Thursday, September 30, 2010

Aborigine Musical "Bran Nue Dae"

In America, African-Americans were (and sometimes still are) treated like second-class citizens.
In Australia it is the Aborigines, the indigenous people of the islands of Australia and New South Wales, who lived happily before the white Europeans came along and made life miserable for them.
“Bran Neu Dae” is the modern Australian version of an American minstrel show, the minstrels being Aborigines.
Set in the late 1960s, “Bran Neu Day) (Brand New Day) is a politically-charged fable with music about an Aborigine boy who dares to stand up to the Colonial establishment. The story adapted from the songs and stage act of an Aboriginal band called Jimmy Chi and Knuckles and fashioned into a screenplay by Chi, Reg Cribb, and Rachel Perkins, who also directs. The movie has elements of road trip, coming-of-age and rebellion in a Wizard of Oz kind of fashion.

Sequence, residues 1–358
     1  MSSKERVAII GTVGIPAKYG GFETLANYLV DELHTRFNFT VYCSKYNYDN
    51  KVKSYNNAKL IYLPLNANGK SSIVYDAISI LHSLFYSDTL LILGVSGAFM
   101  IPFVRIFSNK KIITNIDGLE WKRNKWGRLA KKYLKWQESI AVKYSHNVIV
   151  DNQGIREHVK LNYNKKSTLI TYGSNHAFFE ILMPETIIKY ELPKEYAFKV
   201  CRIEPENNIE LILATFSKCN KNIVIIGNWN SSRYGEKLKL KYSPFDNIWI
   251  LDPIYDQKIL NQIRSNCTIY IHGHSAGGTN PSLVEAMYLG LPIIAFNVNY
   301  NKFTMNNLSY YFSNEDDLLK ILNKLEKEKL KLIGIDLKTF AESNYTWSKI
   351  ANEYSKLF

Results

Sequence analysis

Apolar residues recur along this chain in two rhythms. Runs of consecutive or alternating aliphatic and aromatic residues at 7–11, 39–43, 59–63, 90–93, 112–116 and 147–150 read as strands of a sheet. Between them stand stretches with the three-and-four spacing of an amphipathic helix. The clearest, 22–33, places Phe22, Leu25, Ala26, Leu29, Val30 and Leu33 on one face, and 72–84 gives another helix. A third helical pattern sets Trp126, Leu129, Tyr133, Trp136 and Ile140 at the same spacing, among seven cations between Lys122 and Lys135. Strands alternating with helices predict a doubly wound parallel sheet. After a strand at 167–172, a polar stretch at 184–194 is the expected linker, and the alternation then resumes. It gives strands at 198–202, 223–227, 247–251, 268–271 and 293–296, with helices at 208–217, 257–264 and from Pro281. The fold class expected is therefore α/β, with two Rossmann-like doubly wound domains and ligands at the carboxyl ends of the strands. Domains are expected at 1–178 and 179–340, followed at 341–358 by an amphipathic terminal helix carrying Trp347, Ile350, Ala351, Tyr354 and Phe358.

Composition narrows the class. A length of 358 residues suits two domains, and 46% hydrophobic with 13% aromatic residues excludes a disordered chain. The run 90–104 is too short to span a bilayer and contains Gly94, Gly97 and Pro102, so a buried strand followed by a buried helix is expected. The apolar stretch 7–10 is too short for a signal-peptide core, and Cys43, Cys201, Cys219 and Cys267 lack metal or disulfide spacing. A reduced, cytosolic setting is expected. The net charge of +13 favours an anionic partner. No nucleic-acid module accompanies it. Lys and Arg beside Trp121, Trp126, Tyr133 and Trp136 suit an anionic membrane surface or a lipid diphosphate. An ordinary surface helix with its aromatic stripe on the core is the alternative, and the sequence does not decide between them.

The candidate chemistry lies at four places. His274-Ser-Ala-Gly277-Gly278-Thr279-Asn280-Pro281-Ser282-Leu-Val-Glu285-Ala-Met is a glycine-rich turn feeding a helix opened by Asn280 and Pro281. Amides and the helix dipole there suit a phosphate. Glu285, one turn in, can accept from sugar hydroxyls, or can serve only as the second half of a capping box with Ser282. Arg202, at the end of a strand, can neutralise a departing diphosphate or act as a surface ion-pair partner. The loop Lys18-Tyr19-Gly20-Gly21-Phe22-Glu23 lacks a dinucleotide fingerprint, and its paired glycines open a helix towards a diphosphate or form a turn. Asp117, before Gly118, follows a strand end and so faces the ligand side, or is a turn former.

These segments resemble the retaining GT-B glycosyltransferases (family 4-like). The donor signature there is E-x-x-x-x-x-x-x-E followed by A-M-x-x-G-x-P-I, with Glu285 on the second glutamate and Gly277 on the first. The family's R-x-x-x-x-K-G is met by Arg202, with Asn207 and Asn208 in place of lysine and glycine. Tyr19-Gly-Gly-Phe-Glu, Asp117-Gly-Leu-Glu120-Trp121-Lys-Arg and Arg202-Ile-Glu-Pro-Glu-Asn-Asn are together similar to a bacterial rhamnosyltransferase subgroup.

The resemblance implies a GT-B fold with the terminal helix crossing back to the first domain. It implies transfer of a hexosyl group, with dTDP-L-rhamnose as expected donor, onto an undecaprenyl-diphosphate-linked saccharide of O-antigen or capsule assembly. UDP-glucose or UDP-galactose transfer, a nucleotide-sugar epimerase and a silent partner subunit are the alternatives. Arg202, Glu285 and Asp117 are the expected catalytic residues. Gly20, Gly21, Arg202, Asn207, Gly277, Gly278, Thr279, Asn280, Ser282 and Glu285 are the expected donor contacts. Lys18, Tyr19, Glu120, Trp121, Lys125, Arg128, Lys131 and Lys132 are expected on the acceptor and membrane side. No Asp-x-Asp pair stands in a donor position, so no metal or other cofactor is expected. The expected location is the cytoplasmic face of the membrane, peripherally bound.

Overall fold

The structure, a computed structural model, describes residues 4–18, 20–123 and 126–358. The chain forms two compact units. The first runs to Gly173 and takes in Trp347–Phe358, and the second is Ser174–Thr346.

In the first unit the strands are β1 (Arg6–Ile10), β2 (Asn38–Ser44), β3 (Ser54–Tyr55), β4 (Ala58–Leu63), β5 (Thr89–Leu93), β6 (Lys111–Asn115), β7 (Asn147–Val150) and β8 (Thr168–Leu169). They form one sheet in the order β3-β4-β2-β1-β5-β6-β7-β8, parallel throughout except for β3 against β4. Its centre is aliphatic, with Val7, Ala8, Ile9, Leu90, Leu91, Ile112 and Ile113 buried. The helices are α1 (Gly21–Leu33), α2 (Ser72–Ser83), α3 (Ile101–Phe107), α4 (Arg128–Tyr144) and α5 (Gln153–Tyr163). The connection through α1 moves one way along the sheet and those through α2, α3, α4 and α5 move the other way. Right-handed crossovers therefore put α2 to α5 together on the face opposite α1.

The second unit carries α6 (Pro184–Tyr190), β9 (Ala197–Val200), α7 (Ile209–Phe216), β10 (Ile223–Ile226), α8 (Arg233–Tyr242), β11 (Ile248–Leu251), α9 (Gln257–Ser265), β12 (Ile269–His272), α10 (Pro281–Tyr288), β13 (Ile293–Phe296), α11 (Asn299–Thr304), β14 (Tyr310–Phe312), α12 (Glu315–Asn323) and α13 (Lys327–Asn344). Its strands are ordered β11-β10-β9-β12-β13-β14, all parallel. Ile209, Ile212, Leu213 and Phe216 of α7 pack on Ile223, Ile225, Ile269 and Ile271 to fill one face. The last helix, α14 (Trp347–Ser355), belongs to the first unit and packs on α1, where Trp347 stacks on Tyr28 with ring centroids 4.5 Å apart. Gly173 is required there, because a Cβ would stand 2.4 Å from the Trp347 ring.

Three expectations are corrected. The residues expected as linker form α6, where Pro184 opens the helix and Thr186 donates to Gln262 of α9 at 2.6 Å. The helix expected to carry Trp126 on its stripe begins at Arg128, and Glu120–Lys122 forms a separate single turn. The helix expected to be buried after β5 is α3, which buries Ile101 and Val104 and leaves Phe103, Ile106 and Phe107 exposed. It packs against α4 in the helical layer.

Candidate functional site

Willie (Rocky McKenzie) is a model son and student who lives with his mother in the Outback in the tiny town of Broome. Willie has never met his father, who he has been told is dead.
Willie is sweet on Rosie (Jessica Mauboy), a childhood friend who has blossomed into womanhood.
Rosie is pretty and very good singer, which has attracted the attention of Lester (Dan Sultan), the egotistical Caucasian leader of a band and the club he plays in.
Willie is such a good student he has been accepted into a strict Catholic prep school in the big city. The school is ruled by the tyrannical Father Benedictus (Geoffrey Rush), who treats his students with patronizing condescension.
When Willie endures all that he can, he decides to make a break for it and somehow make the 3,000-mile trip back home. Father Bend ictus is not about to let that happen, so he takes off in pursuit in his old Mercedes.